Despite such protests, many politicians still continue to glorify or excuse the colonial era. In 2018, Dutch prime minister and head of the right-wing People’s Party for Freedom and Democracy, Mark Rutte, stated that people should “be careful to judge … Coen with our current day conceptions”, and argued that Coen needed to be seen “in that time and in that context.” In response to recent protests against Coen’s statue, Rutte publicly recognized Coen’s involvement in actions in the Banda Islands which led to the death of “thousands of people,” but, lamentably, also referred to him as “a visionary.”

Such attitudes reflect widely held views in the Netherlands. For example, according to a 2019 survey, 50 percent of Dutch citizens viewed Dutch colonialism as a source of pride. By contrast, only 6 percent of individuals polled viewed Dutch colonialism as shameful, compared to 23 percent of Belgian citizens polled about Belgium’s colonial rule. Furthermore, alarmingly, over half of the individuals surveyed viewed Dutch colonisation as beneficial or benign for those in Dutch colonies.

Many Dutch have long preferred to see themselves as simply victims, rather than perpetrators, of historical violence. The education system focuses on Germany’s occupation of the Netherlands during WWII, not the Dutch occupation of Indonesia and other colonial possessions for centuries.

There have been a few apologies. Dutch King Willem-Alexander apologized for “excessive violence” perpetrated by Dutch forces during the 1945-49 Indonesian war of independence. This war, which was an unsuccessful attempt by the Dutch to regain control of Indonesia following its proclamation of independence in 1945, resulted in 5,000 Dutch deaths, 150,000 Indonesian deaths and involved Dutch forces raping, torturing, and executing thousands of Indonesian civilians. In 2011 and 2013, the Dutch government apologised for two massacres of Indonesian civilians perpetrated by Dutch troops in 1946 and 1947 known as the Rawagede tragedy and Westerling massacres and, only following court orders, provided compensation to victims’ families.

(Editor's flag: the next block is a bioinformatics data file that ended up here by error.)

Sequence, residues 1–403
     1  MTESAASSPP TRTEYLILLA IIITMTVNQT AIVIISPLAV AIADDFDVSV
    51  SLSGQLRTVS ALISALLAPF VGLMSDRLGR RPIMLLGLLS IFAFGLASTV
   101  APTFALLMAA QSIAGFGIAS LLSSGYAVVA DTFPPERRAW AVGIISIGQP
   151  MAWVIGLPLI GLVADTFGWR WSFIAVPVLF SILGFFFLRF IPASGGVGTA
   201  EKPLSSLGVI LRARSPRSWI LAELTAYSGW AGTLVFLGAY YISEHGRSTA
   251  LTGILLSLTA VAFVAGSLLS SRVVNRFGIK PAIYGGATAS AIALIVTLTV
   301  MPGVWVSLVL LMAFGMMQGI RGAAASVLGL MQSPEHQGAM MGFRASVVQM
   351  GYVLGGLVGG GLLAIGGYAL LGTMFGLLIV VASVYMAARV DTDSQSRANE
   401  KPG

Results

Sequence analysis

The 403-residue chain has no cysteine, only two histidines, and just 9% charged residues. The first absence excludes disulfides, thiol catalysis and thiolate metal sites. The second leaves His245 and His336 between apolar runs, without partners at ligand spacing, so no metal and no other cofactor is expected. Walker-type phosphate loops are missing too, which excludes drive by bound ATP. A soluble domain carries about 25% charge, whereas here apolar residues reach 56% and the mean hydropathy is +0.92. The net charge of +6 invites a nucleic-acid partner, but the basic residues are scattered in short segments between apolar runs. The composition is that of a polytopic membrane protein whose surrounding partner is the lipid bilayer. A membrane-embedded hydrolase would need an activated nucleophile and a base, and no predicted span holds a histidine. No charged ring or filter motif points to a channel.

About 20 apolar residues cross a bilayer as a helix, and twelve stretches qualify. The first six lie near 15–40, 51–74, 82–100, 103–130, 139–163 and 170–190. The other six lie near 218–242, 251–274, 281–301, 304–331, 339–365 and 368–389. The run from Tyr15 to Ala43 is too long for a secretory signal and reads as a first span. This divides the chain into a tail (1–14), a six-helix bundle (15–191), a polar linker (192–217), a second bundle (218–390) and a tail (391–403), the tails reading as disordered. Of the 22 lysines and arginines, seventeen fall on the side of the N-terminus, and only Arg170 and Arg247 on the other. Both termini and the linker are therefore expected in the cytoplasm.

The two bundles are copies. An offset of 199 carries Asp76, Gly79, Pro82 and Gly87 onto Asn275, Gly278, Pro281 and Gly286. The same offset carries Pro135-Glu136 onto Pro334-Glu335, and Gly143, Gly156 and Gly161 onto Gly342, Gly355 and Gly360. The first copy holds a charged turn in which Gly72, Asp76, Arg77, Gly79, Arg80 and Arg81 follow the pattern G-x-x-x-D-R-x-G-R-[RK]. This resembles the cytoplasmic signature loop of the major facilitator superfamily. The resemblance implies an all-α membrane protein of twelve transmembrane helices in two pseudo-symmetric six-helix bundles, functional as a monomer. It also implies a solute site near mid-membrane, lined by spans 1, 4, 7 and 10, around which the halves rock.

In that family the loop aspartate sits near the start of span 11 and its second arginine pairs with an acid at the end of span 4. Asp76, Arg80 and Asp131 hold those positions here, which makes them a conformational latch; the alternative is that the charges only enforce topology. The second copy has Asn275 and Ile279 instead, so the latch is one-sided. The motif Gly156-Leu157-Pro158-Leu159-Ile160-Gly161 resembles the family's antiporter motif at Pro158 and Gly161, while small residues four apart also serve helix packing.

Despite these apologies, no Dutch government has ever apologized for violence perpetrated by Coen, Heutsz, and their forces, or any cases of colonial violence committed in Indonesia prior to 1945. Similarly, no Dutch government has apologized for the colonization of Indonesia.

By contrast, in Belgium, protestors have succeeded in toppling colonial-era statues.

The efficacy of Belgian protestors is arguably unsurprising as according to a 2019 survey, fewer than one in four Belgians view the country’s colonial era as a source of pride—a sharp change from the past

Recently, protestors set a statue of Belgian King Leopold II on fire in Antwerp. Belgium colonized the Democratic Republic of Congo, then referred to as the Congo Free State, and Belgian King, Leopold II, ran it as his private colony. During his rule, Congolese served as forced labourers on rubber plantations and locals who failed to meet the assigned rubber quotas were mutilated or killed. At least 6 million Congolese were killed during Leopold’s rule. In response to Leopold’s statue being set on fire, local authorities removed it. Similarly, authorities in the Belgian city of Ghent recently removed a bust of Leopold in response to it being sprayed with graffiti multiple times.

According to a recent survey, more than 80 percent of Dutch citizens are opposed to the removal of colonial-era statues. Rutte’s recent statement, that “pulling down statues is not the answer,” is very much the mainstream. Van Heutsz, Coen, and other past imperialists are unlikely to meet Leopold’s fate any time soon.

Olivia Tasevski is an international relations tutor at the University of Melbourne in Australia, where she teaches on nuclear weapons and disarmament. She specializes in American foreign relations and American politics and history.